Yamashita et al. performed a meta-analysis of studies that looked at the diagnosis of pancreatic carcinoma using CEUS. The study from Japan looked at nine studies with 983 patients. The studies used SonoVue or Sonazoid as their contrast agents. For diagnosing pancreatic carcinoma, they found a pooled specificity of 92% (95% CI: .89-.94) and specificity of 76% (95% CI: .71-.81) [28]. A summary table of all the studies (Table 1) has been included for easier reference.

Study (Year Published) Pancreatic Lesion studied Diagnostic Accuracy Sensitivity Specificity
Tanaka et al. (2020) [22] Invasive pancreatic adenocarcinoma 77% 97% (95% CI: 93.6-100.4) -
Grossjohann et al. (2010) [23] Pancreatic carcinoma of the head 86% 86% -
Fan et al. (2013) [24] Pancreatic adenocarcinoma 88.9% 91.7% 87.0%
Wang et al. (2021) [25] Pancreatic adenocarcinoma 87.62% - -
Serra et al. (2013) [26] Pancreatic adenocarcinoma 91.3% 91.3% 85.3%
Lin et al. (2016) [27] Pancreatic adenocarcinoma - .90 (95% CI: .89-.92) .88 (95% CI: .83-.89)
Yamashita et al. (2021) Pancreatic carcinoma - 92% (95% CI: .89-.94) 76% (95% CI: .71-.81)

Final considerations and future recommendations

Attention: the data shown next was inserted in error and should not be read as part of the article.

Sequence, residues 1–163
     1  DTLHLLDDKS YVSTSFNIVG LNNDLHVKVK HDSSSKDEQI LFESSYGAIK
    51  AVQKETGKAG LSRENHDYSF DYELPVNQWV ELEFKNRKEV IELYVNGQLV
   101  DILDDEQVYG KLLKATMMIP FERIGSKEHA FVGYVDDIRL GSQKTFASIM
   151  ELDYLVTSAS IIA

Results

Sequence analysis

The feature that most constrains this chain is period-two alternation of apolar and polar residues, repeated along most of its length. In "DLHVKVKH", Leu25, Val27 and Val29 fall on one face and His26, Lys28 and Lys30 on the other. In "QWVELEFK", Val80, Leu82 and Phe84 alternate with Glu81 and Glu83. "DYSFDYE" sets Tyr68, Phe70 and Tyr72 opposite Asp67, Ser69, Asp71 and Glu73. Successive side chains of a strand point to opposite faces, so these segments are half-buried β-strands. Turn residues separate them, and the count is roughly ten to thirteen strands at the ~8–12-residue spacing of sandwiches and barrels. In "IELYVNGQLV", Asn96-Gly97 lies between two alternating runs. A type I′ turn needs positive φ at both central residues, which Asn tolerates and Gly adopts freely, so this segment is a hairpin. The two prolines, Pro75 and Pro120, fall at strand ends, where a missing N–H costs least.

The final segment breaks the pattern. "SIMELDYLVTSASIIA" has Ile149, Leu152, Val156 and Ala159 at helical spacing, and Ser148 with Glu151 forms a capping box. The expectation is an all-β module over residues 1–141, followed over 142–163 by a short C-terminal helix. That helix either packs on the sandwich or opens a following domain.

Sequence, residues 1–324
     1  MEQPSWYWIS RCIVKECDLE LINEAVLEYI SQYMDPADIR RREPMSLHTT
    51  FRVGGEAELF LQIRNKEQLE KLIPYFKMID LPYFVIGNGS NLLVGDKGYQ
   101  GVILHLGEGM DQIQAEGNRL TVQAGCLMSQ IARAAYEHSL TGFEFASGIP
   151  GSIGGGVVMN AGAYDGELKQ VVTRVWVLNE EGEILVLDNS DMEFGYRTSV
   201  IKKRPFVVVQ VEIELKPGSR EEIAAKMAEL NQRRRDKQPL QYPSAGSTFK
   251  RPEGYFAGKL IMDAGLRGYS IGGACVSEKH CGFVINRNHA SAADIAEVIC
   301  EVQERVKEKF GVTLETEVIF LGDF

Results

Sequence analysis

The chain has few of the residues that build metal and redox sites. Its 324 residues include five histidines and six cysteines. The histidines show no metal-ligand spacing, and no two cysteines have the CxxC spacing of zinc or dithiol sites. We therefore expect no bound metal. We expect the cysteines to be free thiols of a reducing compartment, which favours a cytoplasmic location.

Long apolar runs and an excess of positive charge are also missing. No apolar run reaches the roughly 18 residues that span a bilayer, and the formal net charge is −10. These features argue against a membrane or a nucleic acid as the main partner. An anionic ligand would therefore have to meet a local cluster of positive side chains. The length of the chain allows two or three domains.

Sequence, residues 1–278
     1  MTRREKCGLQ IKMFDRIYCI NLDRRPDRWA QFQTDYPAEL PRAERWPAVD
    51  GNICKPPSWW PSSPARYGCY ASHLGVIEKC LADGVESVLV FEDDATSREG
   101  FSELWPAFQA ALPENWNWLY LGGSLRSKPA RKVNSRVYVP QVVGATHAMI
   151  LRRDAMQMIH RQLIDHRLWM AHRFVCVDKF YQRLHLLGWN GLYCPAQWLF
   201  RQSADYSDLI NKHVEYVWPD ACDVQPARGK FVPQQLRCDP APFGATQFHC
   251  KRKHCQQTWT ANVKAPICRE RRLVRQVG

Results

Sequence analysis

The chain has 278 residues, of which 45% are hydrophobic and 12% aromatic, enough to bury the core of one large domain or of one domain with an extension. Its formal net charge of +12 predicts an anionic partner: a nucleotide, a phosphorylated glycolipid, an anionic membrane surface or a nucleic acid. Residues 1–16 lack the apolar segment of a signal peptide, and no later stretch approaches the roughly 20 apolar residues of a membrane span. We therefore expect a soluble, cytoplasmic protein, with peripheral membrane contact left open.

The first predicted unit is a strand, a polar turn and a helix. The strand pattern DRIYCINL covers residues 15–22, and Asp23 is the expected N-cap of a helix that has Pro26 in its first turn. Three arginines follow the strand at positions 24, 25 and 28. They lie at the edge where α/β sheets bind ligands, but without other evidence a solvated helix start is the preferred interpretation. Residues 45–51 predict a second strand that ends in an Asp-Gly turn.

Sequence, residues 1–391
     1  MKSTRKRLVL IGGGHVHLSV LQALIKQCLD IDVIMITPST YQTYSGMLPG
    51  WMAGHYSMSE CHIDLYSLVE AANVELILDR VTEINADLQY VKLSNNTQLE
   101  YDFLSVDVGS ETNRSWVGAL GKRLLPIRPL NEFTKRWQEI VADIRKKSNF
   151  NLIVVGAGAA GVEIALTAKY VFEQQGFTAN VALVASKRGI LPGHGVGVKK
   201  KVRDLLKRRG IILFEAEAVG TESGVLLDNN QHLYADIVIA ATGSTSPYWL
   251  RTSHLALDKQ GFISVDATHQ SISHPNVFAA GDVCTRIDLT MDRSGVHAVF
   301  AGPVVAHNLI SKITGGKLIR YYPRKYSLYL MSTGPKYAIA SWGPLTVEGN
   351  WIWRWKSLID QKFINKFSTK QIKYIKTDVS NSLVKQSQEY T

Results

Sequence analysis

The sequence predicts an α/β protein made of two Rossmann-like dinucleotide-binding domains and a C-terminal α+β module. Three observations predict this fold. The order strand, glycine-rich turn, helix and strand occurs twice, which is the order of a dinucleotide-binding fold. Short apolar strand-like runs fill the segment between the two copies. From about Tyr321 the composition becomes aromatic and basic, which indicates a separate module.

With sound methodologies, these studies outline that CEUS is not only sensitive and specific but also can be similarly accurate when compared to CT imaging. Currently, to the authors’ knowledge, there are no large-scale trials currently or previously conducted in the United States, while they have been performed in Europe and Asia. While we were limited in the number of available studies to review, there are other research papers available on this modality that are not as readily available in the United States due to language and specific journal barriers. Even though not much research has been conducted on this diagnostic technique in general, the authors of this review stress the many advantages of CEUS outlined in the current research. The first consideration is the safety profile. Compared to CT imaging, there is no radiation involved in CEUS. A CT abdomen with IV contrast exposes the patient to about 16 mSv of radiation [29]. Additionally, the contrast agents used for CEUS are generally excreted via exhalation from the lungs after the destruction of the microbubbles. This prevents nephrotoxicity when using second-generation contrasting agents, which is an important consideration when comparing against CT and MRI [30]. Since the contrast agents used in CEUS are still considered a “foreign body”, there have been reports of hypersensitivity reactions, but these are less common than from the use of iodine contrast agents in CT imaging and are similar to that of gadolinium used in MRI [31]. There are some contraindications for the use of SonoVue in patients with heart disease, such as recent acute coronary syndrome, right-to-left shunt, or ischemic cardiac disease. Further contraindications include severe pulmonary hypertension, uncontrolled hypertension, and acute respiratory distress syndrome (ARDS) [30]. An additional consideration is the economic benefits. While no true cost for CEUS is available for the diagnosis of pancreatic lesions/carcinoma, studies demonstrate that CEUS is more cost-effective than both CT imaging and MRI for FLLs, for example, in Europe [32].